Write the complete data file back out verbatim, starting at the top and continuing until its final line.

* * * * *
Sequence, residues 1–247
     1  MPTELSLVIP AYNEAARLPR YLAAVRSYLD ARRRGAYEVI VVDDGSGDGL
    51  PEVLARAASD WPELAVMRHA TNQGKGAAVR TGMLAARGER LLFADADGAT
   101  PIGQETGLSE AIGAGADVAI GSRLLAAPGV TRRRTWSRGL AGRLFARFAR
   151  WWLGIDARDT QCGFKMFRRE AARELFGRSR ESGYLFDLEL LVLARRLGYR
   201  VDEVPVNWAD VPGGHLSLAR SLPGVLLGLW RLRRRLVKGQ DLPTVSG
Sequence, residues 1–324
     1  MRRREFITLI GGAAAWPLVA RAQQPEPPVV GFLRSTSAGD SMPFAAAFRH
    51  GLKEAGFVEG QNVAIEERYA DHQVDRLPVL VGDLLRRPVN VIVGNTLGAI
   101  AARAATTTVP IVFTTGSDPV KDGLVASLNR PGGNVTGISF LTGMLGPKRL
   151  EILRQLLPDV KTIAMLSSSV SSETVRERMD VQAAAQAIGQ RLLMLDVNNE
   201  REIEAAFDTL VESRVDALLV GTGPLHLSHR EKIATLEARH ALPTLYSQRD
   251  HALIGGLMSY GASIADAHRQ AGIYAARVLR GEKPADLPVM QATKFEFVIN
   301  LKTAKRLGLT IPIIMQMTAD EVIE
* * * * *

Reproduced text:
Sequence, residues 1–247
     1  MPTELSLVIP AYNEAARLPR YLAAVRSYLD ARRRGAYEVI VVDDGSGDGL
    51  PEVLARAASD WPELAVMRHA TNQGKGAAVR TGMLAARGER LLFADADGAT
   101  PIGQETGLSE AIGAGADVAI GSRLLAAPGV TRRRTWSRGL AGRLFARFAR
   151  WWLGIDARDT QCGFKMFRRE AARELFGRSR ESGYLFDLEL LVLARRLGYR
   201  VDEVPVNWAD VPGGHLSLAR SLPGVLLGLW RLRRRLVKGQ DLPTVSG
Sequence, residues 1–324
     1  MRRREFITLI GGAAAWPLVA RAQQPEPPVV GFLRSTSAGD SMPFAAAFRH
    51  GLKEAGFVEG QNVAIEERYA DHQVDRLPVL VGDLLRRPVN VIVGNTLGAI
   101  AARAATTTVP IVFTTGSDPV KDGLVASLNR PGGNVTGISF LTGMLGPKRL
   151  EILRQLLPDV KTIAMLSSSV SSETVRERMD VQAAAQAIGQ RLLMLDVNNE
   201  REIEAAFDTL VESRVDALLV GTGPLHLSHR EKIATLEARH ALPTLYSQRD
   251  HALIGGLMSY GASIADAHRQ AGIYAARVLR GEKPADLPVM QATKFEFVIN
   301  LKTAKRLGLT IPIIMQMTAD EVIE